Q. May employees use abusive language when raising grievances about working conditions?

A. In many circumstances, the answer is (again) yes. On May 1, the National Labor Relations Board (NLRB or Board) overruled its July 2020 decision that changed the standard for cases involving “abusive employee conduct” during labor disputes and negotiations, reverting back to a test that it used in some form or another for approximately 70 years. In its decision, the NLRB found that an employee did not lose National Labor Relations Act (NLRA) Section 7 protections when he used strong language and acted less than civil when raising grievances about working conditions.

By way of background, Section 7 protects employees who engage in labor practices, such as forming unions and collective bargaining. Not all conduct is protected, however. The question before the Board was whether employees who exhibit abusive conduct while engaging in protected activity are afforded Section 7 protections.

Factual Background

From 2016 through 2018, a union employee raised numerous grievances regarding working conditions, including safety issues, on behalf of himself and other employees. In some meetings with management, the employee became engaged in heated discussions and arguments with management. He was disciplined in 2017 for his conduct at a safety meeting. Over the 2016 to 2018 period, the employee also received performance-related discipline. In 2018, the employer presented the employee with a last chance agreement. The employee disagreed with the allegations in the agreement, which related mostly to his conduct when articulating some of the grievances, such as using inflammatory and insulting language. The employee refused to sign the agreement and was discharged.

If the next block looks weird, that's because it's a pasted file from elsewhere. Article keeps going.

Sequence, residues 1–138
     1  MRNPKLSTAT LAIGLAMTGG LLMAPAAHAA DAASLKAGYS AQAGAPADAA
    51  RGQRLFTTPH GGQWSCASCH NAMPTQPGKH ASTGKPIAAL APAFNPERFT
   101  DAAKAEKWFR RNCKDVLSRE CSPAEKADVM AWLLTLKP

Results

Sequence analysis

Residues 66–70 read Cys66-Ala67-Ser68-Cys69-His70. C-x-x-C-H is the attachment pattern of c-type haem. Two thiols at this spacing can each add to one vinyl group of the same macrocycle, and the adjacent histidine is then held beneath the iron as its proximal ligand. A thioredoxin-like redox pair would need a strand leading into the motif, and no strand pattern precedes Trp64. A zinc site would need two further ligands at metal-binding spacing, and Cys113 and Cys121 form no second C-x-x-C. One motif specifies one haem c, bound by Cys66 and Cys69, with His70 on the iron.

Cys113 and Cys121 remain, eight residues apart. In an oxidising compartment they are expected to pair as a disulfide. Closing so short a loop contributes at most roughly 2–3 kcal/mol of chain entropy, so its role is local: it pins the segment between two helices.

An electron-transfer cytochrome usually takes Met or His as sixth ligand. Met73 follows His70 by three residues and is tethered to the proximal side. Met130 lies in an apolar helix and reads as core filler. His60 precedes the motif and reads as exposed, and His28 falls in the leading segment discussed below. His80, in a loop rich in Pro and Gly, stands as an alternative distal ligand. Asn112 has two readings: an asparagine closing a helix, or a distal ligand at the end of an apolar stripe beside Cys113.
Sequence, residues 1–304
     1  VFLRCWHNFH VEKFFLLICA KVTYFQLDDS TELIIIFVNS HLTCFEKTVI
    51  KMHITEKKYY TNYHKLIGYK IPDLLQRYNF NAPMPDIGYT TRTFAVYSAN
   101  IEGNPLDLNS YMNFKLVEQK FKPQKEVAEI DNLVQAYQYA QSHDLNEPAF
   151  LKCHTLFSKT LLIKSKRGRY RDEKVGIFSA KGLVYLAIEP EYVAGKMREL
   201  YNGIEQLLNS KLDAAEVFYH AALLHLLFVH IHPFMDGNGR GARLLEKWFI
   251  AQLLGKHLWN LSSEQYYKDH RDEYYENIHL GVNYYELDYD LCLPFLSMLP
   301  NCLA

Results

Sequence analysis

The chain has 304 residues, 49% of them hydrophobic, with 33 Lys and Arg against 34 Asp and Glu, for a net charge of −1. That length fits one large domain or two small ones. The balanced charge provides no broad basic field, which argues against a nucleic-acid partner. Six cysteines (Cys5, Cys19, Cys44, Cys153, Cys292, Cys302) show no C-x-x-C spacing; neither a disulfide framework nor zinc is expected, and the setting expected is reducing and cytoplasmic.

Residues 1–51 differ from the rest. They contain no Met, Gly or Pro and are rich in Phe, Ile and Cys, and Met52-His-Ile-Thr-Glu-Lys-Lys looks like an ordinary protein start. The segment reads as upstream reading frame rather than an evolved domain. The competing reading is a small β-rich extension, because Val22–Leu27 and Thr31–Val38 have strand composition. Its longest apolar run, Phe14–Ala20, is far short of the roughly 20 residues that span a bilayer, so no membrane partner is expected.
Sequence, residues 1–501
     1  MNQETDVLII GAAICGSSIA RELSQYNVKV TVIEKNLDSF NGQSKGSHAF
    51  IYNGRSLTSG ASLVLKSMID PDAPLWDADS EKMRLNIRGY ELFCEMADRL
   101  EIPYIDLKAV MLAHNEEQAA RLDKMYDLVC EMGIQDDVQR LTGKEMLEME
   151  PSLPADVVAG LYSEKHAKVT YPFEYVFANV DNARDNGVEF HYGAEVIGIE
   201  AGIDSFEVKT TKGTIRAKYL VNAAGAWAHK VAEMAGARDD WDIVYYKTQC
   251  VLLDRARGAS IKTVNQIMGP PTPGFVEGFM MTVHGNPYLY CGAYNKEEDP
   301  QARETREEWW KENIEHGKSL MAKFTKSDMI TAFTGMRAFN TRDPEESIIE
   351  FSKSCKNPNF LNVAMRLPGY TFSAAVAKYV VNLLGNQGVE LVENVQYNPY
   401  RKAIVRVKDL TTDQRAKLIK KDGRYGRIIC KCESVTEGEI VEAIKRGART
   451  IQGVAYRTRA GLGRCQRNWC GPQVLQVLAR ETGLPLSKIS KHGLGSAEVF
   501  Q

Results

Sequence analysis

In May 2020, the NLRB issued a decision determining that the employee was improperly disciplined and discharged for engaging in protected union activity. In so doing, the Board relied on a four-factor test it had used since 1979, which included the place of the discussion; the subject matter of the discussion; the nature of the employee’s outburst; and whether the outburst was provoked by the employer’s unfair labor practices. The Board found that the employee’s protected outburst related to workplace safety concerns and occurred at a meeting to discuss safety in the workplace. It also found it was part of an ongoing dialogue about safety within the company. The employee did not use profanity or directly insult a supervisor, even though the discussion was heated and argumentative. The Board did find that the outburst was not provoked by the employer’s unfair practices, but since the other three factors supported the employee, the Board ruled in his favor. After the Board issued its May 2020 decision, the company appealed the order to the Fifth Circuit, and the Board cross-appealed to enforce the order.